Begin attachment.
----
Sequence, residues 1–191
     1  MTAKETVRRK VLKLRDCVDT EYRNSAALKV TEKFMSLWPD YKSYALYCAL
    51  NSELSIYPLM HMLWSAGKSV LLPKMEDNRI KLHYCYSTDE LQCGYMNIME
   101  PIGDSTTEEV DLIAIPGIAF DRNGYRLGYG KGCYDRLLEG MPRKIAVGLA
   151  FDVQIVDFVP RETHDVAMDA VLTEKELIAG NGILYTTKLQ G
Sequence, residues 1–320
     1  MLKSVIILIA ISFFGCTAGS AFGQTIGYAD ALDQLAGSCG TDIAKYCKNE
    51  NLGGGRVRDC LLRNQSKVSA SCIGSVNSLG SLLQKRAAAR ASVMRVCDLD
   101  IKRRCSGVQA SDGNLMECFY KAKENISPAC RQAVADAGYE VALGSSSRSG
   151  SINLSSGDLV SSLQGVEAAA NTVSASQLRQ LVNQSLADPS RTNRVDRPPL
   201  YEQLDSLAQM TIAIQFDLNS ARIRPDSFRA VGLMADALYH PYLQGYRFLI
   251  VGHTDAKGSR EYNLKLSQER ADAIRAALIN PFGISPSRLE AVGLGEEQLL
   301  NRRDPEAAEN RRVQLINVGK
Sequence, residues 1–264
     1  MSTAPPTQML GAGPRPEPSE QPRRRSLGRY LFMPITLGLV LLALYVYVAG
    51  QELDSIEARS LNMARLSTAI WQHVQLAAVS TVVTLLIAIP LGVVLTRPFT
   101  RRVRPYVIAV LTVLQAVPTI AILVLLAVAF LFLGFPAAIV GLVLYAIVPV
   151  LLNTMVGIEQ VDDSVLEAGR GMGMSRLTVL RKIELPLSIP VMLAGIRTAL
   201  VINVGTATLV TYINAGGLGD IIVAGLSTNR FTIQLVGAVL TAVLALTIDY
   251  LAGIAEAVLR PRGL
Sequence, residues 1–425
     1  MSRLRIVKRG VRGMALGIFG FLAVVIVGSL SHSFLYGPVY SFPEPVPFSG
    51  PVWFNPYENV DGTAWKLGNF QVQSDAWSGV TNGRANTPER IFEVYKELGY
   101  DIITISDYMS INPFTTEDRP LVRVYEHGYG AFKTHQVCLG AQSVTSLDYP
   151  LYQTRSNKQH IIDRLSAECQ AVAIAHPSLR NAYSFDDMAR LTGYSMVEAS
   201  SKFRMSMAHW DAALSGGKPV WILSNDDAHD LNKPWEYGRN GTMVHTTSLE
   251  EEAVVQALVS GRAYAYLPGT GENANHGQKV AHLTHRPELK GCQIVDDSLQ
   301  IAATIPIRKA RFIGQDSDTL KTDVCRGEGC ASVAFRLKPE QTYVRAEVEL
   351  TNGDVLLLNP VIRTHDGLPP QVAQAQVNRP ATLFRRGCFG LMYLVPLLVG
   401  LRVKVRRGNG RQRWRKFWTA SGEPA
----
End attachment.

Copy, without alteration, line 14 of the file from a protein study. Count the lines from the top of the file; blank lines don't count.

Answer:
Sequence, residues 1–264